Andy had shown up completely unexpectedly. He knocked on the door, but of course I wasn’t answering it. Then he booted in one of the boarded-up windows and I nearly skewered him with my decorative Korean hwando sword.
“We’ve got plenty of food and water, and there’s no reported cases up where we are,” he’d said.
And so the three of us loaded up everything we thought we could keep: sheets and pillows, tools, the sword, various books – including a handful of copies of my own – my laptop, pots and pans, the cats’ food and water bowls, the remainder of the pills and supplements under my kitchen counter, pens, paper, all the empty journals I’ve collected over the years, what remained of the twenty-pound propane tank beneath my barbecue, toothbrushes and toothpaste, deodorant, mouthwash, my first aid kit, the half-full bottle of isopropyl alcohol I had beneath the bathroom sink, and, for that matter, all the rest of the liquor I had in my cupboard. Other things, too. It all got stuffed into boxes, tool chests and the plastic totes I use to take my books to shows.
And to think, I was this close to releasing Rain and Destiny into the wild, hoping they could fend for themselves on birds.
We practically spin around the corner on the off ramp for Highway 37/Cannifton Road in Belleville. Quickly over the 401 bridge and then we’re off, into the rural countryside north of Belleville, zipping up towards Tweed. Didn’t see a soul while passing through.
By now the stereo is blasting The Hu. They’re just in the lull of Wolf Totem, about to pick back up and give it their all in the closing sequence, where Enkush will fiddle that morin khuur so hard you’d swear he’s about to start a fire. Andy turns down the volume just as they’re about to go all in, however. “Viktorya, did Jay ever tell you the Blue Monday story?” he asks.
I realize he’s doing this to ease the tension, dissuade some of the fear. Andy and Viktorya have met only once before, and it wasn’t for long. And here she is, her sister missing out in Alberta somewhere, being whisked away to the Québec border by a bearded, tattooed, gun-toting, Christian conservative, crass and vulgar, self-proclaimed redneck.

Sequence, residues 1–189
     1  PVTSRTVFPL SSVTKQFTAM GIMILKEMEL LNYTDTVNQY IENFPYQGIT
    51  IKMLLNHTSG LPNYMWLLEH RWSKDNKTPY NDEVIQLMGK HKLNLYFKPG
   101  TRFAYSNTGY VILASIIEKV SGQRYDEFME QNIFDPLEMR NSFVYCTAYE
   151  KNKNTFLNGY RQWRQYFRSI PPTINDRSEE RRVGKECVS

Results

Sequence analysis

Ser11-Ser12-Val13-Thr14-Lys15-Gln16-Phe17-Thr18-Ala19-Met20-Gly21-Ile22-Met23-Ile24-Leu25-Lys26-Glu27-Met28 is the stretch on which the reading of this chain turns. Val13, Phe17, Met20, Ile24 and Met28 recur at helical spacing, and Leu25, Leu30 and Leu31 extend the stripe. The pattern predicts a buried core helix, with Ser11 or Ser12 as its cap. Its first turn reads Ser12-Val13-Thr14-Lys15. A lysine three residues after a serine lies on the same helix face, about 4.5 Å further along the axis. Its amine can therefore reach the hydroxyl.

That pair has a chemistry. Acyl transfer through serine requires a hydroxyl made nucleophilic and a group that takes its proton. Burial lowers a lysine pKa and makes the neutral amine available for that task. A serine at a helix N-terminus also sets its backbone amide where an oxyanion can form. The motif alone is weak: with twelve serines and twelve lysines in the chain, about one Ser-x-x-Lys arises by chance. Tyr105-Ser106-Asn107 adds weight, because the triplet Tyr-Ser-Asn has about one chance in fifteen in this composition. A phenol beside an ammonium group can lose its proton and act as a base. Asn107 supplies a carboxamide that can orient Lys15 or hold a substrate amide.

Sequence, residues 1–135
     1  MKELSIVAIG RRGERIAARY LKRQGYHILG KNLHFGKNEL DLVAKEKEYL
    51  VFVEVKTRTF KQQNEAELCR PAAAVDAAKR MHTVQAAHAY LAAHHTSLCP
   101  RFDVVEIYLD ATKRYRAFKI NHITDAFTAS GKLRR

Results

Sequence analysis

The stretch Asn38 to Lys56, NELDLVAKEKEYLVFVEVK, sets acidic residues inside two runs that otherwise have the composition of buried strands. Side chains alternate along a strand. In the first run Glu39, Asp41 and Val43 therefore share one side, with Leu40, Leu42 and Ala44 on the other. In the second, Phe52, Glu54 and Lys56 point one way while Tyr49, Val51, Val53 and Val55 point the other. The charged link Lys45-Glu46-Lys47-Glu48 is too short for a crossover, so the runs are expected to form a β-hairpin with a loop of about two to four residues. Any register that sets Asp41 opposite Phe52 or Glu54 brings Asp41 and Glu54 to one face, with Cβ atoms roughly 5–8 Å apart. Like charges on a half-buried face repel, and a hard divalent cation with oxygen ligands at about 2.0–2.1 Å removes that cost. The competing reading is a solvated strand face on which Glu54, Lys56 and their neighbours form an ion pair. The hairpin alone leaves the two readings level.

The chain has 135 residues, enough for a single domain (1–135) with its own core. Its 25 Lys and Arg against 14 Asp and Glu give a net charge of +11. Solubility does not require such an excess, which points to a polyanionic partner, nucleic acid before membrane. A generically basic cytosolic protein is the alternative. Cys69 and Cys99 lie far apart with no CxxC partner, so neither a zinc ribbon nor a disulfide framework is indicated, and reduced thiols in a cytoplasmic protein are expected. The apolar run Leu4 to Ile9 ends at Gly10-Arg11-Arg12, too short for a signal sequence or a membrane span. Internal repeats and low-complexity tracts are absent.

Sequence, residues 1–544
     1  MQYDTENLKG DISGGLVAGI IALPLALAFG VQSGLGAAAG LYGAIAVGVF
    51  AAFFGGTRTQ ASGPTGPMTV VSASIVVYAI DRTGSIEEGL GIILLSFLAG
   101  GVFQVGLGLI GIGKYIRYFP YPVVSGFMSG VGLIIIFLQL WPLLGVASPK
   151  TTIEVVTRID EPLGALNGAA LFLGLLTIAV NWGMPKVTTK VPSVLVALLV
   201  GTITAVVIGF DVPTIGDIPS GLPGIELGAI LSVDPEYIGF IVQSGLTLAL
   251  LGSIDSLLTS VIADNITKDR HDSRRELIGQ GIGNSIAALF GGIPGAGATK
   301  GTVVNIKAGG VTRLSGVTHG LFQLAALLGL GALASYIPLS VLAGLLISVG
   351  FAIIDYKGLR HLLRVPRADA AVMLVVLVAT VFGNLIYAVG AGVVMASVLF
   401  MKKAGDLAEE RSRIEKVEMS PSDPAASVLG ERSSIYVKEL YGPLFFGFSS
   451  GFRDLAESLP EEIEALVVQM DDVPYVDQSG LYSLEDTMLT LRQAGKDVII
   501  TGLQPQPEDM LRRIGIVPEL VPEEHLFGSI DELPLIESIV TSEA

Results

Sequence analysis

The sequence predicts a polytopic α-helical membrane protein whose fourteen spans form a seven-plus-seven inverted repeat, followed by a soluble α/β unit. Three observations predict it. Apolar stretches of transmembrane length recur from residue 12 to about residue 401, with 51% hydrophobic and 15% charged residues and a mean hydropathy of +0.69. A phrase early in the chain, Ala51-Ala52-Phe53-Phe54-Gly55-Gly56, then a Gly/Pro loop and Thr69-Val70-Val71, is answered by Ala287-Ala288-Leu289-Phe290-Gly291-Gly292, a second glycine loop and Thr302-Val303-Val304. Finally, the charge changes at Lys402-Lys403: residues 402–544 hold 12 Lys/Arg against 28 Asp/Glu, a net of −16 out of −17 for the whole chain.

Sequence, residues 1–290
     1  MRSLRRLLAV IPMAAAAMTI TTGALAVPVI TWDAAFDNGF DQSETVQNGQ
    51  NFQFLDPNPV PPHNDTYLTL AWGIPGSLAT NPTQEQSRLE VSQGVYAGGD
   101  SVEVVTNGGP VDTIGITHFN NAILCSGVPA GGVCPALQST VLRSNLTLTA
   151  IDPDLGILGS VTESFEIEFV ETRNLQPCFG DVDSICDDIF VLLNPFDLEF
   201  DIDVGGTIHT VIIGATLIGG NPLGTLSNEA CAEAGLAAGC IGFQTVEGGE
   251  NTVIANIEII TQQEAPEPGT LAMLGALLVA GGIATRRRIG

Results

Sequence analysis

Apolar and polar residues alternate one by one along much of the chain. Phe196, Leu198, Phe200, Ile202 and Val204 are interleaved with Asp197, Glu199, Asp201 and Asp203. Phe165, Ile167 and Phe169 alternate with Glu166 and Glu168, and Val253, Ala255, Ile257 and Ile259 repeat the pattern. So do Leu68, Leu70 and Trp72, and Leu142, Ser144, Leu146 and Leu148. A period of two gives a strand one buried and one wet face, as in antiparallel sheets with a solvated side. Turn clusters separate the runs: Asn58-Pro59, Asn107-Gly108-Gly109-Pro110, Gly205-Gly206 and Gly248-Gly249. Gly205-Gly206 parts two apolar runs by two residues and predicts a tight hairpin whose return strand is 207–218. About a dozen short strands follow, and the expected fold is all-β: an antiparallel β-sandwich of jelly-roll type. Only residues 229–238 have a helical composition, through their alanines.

“No,” she says. “What’s Blue Monday?”
“It’s the coldest and darkest day of the year, or something like that. Near the end of December. All the movie theatres in Ottawa are free, I guess as a way of boosting people’s spirits. I told Ivy, you know, I used to love just getting loaded and watching movies. So we decided to go for Blue Monday. We stopped by LCBO after work, picked up a couple of six-packs of beer, and one of those seven-hundred-and-ten-mil bottles of the seven-year Havana Club. We head to the scuzziest theatre in Ottawa – like, meth heads were watching us pre-drink in the truck in the parking lot and were like, wow, those people are successful enough to own a truck.”
We’re whipping along 37 now. There’s more tree cover here, and the road is windy and twisty, so Andy hasn’t pushed it back to one sixty, but we’re still jetting along at breakneck speed. There’s a few traffic lights, but they’re not lit up.
“So we go into the theatre, smuggle whatever we didn’t pre-drink in our jacket pockets. The theatre is packed. Now, I have this thing where under no circumstances do I leave the theatre to use the washroom. It doesn’t matter what movie it is. It could be the worst movie – it could be Fifty Shades – I refuse to miss any of the movie going to use the washroom. So I almost always use the washroom on the way into the theatre. But on this particular night, I was already halfway loaded, I’d drank three-quarters of that bottle of Havana Club, and I completely forgot to piss before the movie began.”
He suddenly slams on the brakes. We’re nearing Tweed now, the road winding, and there’s a roadblock ahead. Two vehicles are parked end to end, blocking the road on approach to tweed, with numerous sandbags, pallets and other materials built up, connecting the two. The lake is to the right, and the roadblock, consisting of upturned dumpsters, extends right to the water’s edge. The same thing on the left to the treeline.
“Shit,” Andy mutters. He quickly throws the truck in reverse and whips around. “The road we just passed, does it go through?”
“I have no idea,” I say, panic-stricken now.
“What’s happening?” Bryant asks.
“I didn’t come down this way,” says Andy. “Came down 62, but ran into some Pilgrims. Thought this might be a better option going back.”
He floors it back to a road we had just passed, whips around the corner. It’s a dead-end street, of course, but we can see someone’s backyard on an adjacent street at the end. There’s a few trees, but–
I guess Andy thinks we can make it, because he goes off road, through the ditch, weaves through a few trees and emerges onto someone’s side yard, and then to that adjacent street.
“Keep that gun ready,” he tells me.
“No. They’re not erecting roadblocks. It’s the locals. Everyone’s cut off. No gas, nothing’s shipping, no food other than what you’ve got stored.”
“So they’re trying to keep us out?” Viktorya asks.
“They’re trying to pin us down, herd us into a trap.”
“So they’re... bandits?” she asks.
Banditry is a topic that’s come up in my books, which she’s read extensively. Villains out in the rural wastes. Sex trafficking and drug running and mafioso warlords. Never did she imagine such a thing could come to pass in modern Canada.